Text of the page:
Vitamin B May Slow Cognitive Decline
Some cognitive decline is natural for humans as we age, but if it advances it can lead to Alzheimer’s. A recent study from the University of Oxford suggests that vitamin B may slow down the advance of mild cognitive impairment (MCI).
The findings were published in the July, 2011 edition of the International Journal of Geriatric Psychiatry.
The study included 266 adults over the age of 70 with MCI. Over the course of 2 years, half of the group received 0.8 mg of folic acid, 0.5 mg of vitamin B12, and 20 mg of vitamin B6 daily and half received a placebo.
After the 2 year supplementation period, the researchers measured the homocysteine levels of all the participants. Homocysteine is a risk factor in the onset of Alzheimer's disease.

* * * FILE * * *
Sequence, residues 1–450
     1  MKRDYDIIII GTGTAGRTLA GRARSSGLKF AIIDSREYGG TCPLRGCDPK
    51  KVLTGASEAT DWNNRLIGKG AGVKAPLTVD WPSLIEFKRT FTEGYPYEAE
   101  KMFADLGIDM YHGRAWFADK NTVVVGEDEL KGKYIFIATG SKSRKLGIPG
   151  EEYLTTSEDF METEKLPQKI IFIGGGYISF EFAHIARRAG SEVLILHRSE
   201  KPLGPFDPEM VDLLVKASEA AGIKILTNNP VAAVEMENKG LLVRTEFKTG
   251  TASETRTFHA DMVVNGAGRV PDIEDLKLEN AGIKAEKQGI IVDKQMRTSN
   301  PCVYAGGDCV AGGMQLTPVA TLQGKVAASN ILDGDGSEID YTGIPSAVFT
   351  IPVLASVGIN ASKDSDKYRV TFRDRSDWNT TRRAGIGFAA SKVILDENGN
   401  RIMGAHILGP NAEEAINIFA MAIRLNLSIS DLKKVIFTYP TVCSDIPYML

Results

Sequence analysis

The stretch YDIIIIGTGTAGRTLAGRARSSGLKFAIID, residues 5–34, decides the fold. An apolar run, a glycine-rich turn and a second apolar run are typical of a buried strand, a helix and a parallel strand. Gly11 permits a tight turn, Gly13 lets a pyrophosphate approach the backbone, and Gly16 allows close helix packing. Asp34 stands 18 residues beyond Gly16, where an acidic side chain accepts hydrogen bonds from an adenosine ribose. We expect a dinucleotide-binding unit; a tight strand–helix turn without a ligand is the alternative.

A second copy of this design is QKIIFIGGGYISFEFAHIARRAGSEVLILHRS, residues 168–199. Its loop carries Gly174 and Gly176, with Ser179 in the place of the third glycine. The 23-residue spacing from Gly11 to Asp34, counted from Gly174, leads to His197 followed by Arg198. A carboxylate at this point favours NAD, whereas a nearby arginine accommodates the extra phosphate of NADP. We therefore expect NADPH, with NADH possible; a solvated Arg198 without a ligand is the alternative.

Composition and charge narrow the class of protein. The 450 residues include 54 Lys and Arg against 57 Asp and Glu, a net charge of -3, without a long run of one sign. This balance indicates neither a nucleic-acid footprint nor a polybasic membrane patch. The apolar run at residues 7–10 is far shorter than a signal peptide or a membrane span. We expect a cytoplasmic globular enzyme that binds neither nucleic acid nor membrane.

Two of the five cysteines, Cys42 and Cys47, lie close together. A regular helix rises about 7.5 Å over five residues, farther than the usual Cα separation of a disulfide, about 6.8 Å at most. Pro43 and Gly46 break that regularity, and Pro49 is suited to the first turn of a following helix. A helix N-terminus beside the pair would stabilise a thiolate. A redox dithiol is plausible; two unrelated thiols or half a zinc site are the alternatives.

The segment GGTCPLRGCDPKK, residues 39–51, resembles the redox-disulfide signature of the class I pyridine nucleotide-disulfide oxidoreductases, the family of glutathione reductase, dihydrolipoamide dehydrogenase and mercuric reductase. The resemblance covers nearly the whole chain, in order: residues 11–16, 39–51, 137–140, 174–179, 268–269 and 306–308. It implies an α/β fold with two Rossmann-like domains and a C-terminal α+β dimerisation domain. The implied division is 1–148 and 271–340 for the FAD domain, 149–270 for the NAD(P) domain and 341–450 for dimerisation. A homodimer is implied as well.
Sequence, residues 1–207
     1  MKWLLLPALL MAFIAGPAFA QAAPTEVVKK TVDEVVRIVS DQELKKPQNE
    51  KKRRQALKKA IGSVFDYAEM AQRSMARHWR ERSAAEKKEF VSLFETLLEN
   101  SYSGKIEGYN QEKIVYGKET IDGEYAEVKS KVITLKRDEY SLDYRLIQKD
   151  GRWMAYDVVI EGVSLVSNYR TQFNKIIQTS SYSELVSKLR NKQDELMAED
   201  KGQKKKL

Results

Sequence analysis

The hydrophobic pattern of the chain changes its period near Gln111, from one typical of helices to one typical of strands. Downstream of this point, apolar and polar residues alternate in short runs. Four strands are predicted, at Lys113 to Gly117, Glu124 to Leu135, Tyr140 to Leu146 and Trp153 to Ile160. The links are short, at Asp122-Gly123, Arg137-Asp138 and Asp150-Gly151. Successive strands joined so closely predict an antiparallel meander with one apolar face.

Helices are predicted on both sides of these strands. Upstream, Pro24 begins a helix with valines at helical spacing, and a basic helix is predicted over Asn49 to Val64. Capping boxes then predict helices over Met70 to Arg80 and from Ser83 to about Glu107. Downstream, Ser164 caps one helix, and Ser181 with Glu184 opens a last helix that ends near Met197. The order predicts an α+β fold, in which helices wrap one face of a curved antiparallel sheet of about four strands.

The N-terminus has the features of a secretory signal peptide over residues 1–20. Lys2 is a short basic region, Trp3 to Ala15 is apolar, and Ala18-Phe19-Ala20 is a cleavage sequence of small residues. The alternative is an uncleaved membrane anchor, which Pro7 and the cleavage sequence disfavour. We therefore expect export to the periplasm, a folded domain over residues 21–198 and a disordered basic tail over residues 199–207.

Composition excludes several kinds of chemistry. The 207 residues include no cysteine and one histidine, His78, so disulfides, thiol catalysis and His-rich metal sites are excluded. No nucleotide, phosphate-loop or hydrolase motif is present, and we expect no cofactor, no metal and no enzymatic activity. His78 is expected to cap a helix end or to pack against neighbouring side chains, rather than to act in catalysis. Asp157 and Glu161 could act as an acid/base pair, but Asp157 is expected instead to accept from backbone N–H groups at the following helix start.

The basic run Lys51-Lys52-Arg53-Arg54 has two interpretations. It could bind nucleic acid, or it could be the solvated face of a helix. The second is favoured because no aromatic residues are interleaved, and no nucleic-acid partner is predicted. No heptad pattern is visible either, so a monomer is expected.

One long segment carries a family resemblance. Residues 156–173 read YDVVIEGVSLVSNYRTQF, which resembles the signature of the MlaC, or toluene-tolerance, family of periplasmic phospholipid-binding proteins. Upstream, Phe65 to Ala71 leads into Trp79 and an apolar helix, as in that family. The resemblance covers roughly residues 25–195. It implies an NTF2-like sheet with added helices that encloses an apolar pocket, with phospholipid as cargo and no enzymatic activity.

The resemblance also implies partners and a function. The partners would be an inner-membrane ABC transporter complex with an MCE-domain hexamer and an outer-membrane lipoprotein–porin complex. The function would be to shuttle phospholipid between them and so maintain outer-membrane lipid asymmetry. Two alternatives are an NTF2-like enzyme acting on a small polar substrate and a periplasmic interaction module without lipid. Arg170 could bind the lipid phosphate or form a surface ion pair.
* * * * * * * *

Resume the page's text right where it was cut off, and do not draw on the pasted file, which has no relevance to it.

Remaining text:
The participants taking the supplements showed 30% lower homocysteine levels than those taking the placebo. The supplement group also showed better global cognition, episodic memory, and semantic memory than the placebo group.
The researchers plan to conduct further studies to determine if vitamin B supplementation can slow or prevent the conversion from MCI to Alzheimer’s.
B vitamins have been linked to numerous health benefits, including reducing breast cancer risk, nervous system function, red blood cell formation, and hormone function. Studies have also suggested that B vitamin may reduce the risk of stroke, hearing loss, and birth defects.
Our bodies do not naturally synthesize B vitamins. However, it is easy to increase your intake of these essential vitamins by eating more vitamin B rich foods. Some foods rich in B vitamins include broccoli, asparagus, potatoes, tuna and salmon. Many milk and flour products are also fortified with B vitamins.